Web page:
You also participated in Homeward Bound, the largest expedition of women in STEM to Antarctica. A group of your alumnae of the 2018 AAAS science diplomacy course started a discussion around women in science diplomacy. What are your thoughts about gender equality in this field?

Women face a double underrepresentation in science diplomacy, as both ‘parent’ fields are male-dominated. While S4D4C has not systematically analyzed the composition of the science diplomacy community, we have noticed a stronger involvement and interest from women. For example, a dominant demographic among the applicant pool to science diplomacy courses are women with STEM PhDs, many expressing a desire to leave academia. If this correlates with the so-called “leaky pipeline” of women in academia when they should be progressing to leadership roles, it would be concerning, as science diplomacy is not yet an established and sustainable career path. But we also know that women and scientists from underrepresented groups are more committed to science for societal impact, which might explain these trends. We are currently looking to study this in more detail. As a relatively new field, we have an opportunity to correct the imbalances from early on. One program seeking to elevate women in science diplomacy is Homeward Bound, based on the premise that the climate crisis cannot be reduced to an environmental, scientific, economic or political problem: it’s a leadership issue. I joined 100 women in STEM from 35 countries and different backgrounds, career stages and disciplines in the largest all-women expedition in Antarctic history to help build more evidence-informed, diverse, collaborative and inclusive policy structures.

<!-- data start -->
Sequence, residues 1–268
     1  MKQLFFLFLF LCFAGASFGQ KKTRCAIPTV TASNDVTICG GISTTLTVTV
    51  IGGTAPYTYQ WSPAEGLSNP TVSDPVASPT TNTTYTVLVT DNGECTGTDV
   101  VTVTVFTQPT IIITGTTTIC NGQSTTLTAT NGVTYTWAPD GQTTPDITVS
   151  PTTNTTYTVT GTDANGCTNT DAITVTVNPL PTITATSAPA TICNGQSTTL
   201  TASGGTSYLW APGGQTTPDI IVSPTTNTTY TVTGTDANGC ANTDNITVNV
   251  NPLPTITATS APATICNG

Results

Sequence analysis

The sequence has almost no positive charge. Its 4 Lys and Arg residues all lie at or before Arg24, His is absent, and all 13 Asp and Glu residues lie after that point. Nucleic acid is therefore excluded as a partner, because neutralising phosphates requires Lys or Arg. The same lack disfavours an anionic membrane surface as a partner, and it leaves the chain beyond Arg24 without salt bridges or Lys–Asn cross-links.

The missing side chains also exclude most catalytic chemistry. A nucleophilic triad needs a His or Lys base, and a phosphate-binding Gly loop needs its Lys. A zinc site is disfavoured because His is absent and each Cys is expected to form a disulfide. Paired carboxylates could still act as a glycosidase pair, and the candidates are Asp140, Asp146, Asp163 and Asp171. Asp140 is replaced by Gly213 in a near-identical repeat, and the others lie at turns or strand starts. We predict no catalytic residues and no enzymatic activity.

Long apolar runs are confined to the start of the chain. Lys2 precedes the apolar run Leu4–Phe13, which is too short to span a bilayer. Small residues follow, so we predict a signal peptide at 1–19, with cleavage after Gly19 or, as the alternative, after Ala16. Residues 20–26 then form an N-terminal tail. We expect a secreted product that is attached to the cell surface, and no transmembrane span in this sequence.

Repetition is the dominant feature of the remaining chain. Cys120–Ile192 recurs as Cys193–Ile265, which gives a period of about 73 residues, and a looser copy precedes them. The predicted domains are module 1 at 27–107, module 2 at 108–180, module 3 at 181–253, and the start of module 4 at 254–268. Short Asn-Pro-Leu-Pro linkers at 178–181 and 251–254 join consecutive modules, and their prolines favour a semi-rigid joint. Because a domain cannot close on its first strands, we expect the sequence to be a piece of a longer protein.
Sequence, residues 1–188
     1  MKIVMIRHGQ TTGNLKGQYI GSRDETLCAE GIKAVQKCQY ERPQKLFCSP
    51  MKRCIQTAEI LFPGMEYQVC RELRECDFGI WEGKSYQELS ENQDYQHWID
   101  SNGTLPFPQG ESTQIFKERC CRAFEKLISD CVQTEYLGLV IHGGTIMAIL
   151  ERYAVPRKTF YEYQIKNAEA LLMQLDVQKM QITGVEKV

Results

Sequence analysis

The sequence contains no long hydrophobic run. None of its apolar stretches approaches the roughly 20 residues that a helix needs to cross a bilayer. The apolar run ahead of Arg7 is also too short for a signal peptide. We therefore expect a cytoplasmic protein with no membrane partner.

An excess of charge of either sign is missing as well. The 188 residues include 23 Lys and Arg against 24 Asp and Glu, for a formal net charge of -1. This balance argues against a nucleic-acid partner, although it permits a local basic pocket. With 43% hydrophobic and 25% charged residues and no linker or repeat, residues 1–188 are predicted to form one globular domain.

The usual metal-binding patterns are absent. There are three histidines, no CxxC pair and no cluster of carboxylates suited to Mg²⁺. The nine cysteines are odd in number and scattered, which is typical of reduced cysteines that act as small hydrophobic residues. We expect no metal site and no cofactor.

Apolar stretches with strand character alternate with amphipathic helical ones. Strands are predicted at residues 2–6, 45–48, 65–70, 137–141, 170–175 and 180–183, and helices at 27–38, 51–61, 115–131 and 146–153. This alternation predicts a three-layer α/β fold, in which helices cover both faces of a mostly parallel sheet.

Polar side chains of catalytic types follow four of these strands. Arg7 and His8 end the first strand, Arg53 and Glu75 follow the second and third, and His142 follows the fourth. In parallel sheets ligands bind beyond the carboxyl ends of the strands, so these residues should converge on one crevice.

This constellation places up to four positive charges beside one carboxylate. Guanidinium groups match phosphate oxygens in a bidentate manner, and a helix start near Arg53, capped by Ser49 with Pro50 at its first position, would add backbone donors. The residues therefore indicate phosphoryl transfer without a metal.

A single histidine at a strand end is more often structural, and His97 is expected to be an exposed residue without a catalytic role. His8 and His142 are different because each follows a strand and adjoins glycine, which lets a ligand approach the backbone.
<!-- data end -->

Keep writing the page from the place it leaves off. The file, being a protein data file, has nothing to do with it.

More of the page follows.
Where do you see science diplomacy going in the next years and decades?

One key area of focus for science diplomacy in the coming years will be the technological convergence of frontier technologies (artificial intelligence, quantum computing, synthetic biology, gene editing or climate-altering technologies) with political and societal issues. While rapid scientific advancements can help us achieve the UN Sustainable Development Goals, they can generate enormous risks and challenges for democracy and multilateral governance. This is because technologies are becoming strategic sovereign assets and critical infrastructure for national security, and this can amplify social inequalities, perpetuate racial and gender biases, and deepen geopolitical divides, as we are seeing now with vaccine diplomacy. I recently reflected about the future of science diplomacy 25 years from now. Foreign ministries are engaged in an interesting debate around science diplomacy and tech diplomacy – should they be joint or separate tracks? As the lines between basic sciences and technological applications will blur, it will be increasingly difficult to govern and manage the geopolitical, ethical and societal implications of scientific breakthroughs such as human augmentation or climate-altering technologies. Scientists and policymakers will need to work together on an anticipatory, rather than reactive basis after the technologies are deployed. A clear example is solar geoengineering: the US National Academies of Sciences recently called for a research agenda to understand its technical feasibility, impacts on society and the environment, and global governance models. In summary, the institutional architecture of science diplomacy will need to adapt to the scale and speed of the transformations ahead with a multi-stakeholder and whole-of-society approach.

 

Thank you Marga for your insights!

If you liked this article, have a look at all previous researcher’s voices published by S4D4C HERE.

S4D4C Team

Posted by S4D4C Team